Lone Parenting Conditions and Disorders
Cradle Cap Seborrhoeic Dermatitis
- Written by Lone Parenting Advisor
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Cradle Cap (Seborrhoeic Dermatitis) is a fairly mild skin condition that is extremely common amongst babies between the ages of 3 and 9 months old. Cradle cap (Seborrhoeic Dermatitis) is not thought to be harmful to the baby although there are a few cases reported in the UK where the baby is suffering discomfort with redness and itchiness of the scalp.
With Cradle Cap (Seborrhoeic Dermatitis) the scalp of your baby becomes dry and covered with thick, yellow patches that appear like scales. It can also appear on the skin behind the ears, on the face, neck and nappy area.
The cause of Cradle Cap (Seborrhoeic Dermatitis) is unclear, but it is not associated with poor hygiene, it could possibly be due to the over-producing oil glands in the childs skin.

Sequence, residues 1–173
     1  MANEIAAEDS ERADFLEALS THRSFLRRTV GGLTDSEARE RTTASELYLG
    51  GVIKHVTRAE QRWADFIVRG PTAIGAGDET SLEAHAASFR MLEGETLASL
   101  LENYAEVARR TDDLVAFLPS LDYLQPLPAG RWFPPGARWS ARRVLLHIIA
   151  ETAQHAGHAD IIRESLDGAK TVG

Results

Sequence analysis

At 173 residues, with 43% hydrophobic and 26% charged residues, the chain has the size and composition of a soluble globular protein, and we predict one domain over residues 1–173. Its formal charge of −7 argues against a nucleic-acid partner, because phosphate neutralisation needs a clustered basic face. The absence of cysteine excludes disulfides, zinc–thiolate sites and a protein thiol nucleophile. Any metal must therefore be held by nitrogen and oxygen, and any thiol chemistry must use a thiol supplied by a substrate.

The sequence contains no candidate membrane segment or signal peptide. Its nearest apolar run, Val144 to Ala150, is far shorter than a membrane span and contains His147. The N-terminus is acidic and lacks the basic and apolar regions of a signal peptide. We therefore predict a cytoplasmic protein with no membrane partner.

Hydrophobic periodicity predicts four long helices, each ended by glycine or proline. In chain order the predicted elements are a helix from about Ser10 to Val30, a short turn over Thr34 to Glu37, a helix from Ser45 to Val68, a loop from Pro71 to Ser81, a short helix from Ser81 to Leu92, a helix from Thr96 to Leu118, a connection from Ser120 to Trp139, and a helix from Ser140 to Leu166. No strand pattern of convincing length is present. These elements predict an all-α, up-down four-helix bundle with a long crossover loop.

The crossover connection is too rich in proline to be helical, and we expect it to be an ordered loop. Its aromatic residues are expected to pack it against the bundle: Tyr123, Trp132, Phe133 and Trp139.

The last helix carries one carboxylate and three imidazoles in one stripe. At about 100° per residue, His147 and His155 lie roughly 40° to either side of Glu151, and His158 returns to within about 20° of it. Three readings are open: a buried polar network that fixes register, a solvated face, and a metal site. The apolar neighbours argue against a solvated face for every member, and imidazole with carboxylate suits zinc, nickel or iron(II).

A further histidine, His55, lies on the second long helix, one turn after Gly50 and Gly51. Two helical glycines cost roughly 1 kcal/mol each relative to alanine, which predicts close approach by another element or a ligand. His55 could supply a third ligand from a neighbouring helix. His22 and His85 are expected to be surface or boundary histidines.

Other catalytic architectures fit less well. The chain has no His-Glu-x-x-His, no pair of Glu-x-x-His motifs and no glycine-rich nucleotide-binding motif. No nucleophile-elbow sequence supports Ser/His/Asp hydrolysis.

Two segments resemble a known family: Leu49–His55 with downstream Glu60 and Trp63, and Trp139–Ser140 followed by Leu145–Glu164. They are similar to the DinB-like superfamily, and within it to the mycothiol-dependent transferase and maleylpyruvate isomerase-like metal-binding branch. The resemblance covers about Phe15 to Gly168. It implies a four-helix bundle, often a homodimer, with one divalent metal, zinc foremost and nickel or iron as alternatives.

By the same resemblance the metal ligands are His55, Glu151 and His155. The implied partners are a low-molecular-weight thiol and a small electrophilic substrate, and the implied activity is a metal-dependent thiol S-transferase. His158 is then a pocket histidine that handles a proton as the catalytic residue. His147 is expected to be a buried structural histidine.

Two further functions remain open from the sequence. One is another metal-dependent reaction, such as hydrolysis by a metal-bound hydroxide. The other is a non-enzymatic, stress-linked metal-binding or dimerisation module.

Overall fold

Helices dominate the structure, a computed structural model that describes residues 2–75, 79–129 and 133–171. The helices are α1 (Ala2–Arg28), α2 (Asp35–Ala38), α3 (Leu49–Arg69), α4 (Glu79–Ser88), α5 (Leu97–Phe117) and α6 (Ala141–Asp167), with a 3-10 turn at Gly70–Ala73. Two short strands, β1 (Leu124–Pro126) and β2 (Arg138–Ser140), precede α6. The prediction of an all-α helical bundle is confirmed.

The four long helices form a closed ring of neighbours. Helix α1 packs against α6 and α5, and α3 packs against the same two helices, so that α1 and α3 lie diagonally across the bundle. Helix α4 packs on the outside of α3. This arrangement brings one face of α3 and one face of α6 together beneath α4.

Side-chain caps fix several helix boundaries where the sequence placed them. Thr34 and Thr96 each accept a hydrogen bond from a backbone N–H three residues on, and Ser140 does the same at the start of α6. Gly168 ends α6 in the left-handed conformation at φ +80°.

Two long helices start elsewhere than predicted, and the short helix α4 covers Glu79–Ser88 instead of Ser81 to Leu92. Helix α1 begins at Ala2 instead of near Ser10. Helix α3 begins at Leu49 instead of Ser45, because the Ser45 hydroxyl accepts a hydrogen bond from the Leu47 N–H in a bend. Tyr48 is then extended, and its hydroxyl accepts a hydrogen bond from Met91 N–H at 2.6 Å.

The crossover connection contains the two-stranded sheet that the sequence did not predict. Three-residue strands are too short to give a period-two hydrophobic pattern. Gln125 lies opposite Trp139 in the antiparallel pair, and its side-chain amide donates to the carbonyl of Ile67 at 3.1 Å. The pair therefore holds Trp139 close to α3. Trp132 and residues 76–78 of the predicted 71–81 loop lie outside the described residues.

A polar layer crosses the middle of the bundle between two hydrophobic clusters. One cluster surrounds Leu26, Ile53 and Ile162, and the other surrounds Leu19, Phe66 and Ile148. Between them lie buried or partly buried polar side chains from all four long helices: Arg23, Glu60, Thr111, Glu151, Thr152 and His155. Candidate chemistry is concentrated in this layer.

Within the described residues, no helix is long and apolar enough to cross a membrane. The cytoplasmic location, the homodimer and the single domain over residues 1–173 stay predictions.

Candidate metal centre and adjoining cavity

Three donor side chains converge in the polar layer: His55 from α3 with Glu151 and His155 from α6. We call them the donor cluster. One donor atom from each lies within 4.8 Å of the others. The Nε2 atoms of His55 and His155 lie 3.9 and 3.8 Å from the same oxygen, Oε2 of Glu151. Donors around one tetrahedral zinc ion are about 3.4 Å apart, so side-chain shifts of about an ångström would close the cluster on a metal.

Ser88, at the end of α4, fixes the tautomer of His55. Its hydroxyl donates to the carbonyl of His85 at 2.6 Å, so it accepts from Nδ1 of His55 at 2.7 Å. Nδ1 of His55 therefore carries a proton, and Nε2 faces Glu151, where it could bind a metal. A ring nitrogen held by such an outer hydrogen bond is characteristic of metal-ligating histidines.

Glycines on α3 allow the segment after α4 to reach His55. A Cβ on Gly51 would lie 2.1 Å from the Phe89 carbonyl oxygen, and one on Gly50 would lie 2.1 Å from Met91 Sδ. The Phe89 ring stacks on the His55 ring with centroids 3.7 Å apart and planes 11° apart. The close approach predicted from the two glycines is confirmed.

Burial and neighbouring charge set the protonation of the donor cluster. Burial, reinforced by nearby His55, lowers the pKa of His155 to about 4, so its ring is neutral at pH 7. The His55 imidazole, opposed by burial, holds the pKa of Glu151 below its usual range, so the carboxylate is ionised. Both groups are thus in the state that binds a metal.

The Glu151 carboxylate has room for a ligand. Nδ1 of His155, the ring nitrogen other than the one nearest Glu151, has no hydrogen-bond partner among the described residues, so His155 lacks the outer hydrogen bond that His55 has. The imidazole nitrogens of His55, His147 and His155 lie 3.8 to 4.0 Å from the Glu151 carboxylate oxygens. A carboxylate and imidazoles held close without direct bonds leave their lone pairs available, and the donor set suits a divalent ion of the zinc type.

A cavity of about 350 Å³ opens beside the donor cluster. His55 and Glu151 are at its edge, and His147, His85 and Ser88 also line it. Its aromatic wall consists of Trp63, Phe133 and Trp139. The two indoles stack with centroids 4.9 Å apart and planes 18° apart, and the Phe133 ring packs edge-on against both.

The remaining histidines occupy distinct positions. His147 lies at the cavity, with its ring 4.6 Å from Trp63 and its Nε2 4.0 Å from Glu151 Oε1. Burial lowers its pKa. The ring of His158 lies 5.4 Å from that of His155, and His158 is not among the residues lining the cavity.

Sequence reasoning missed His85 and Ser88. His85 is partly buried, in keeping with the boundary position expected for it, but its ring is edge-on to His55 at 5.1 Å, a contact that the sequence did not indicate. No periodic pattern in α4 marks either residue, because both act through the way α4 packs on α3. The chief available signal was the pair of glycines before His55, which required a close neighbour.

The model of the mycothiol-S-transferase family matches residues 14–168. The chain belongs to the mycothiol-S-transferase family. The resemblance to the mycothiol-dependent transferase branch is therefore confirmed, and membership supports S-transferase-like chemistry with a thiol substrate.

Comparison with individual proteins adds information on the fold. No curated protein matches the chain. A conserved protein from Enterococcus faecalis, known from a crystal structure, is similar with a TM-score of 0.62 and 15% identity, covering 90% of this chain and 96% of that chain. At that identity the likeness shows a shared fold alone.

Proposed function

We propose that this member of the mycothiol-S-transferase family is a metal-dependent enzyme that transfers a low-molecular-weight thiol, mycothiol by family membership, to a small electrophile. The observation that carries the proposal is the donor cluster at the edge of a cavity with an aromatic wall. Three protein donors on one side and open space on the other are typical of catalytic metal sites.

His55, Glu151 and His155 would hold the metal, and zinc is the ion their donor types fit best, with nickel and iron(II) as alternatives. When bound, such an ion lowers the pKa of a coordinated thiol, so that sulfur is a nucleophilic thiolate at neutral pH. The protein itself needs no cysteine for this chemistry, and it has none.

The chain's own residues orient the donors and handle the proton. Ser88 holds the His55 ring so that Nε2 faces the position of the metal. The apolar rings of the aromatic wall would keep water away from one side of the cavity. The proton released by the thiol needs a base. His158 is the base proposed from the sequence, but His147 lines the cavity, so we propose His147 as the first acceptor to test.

Although it is very mild, Cradle Cap (Seborrhoeic Dermatitis) is reaonably harmless unless the skin becomes infected. If cradle cap (Seborrhoeic Dermatitis) leads to an infection then you should seek medical advice from your childs local GP.
Signs and Symptoms
- Thick and yellowish scales on the childs scalp
- Reddening around the childs scalp and forehead
- In extreme cases there may be some discomfort and itching
There is no incubation period with Cradle Cap (Seborrhoeic Dermatitis).
With treatment of Cradle Cap (Seborrhoeic Dermatitis) it is recommended that you use baby soap and a shampoo that is mild. this shampoo and soap can be used daily by massaging it straight onto the childs scalp to loosen the scales.
If the Cradle Cap (Seborrhoeic Dermatitis) fails to loosen with a mild shampoo then a mild olive oil can be used by massaging it straight onto the childs scalp and leaving it on overnight.
If the condition fails to show signs of improvement after using these methods then contact your local health centre for further advice regarding Cradle Cap (Seborrhoeic Dermatitis).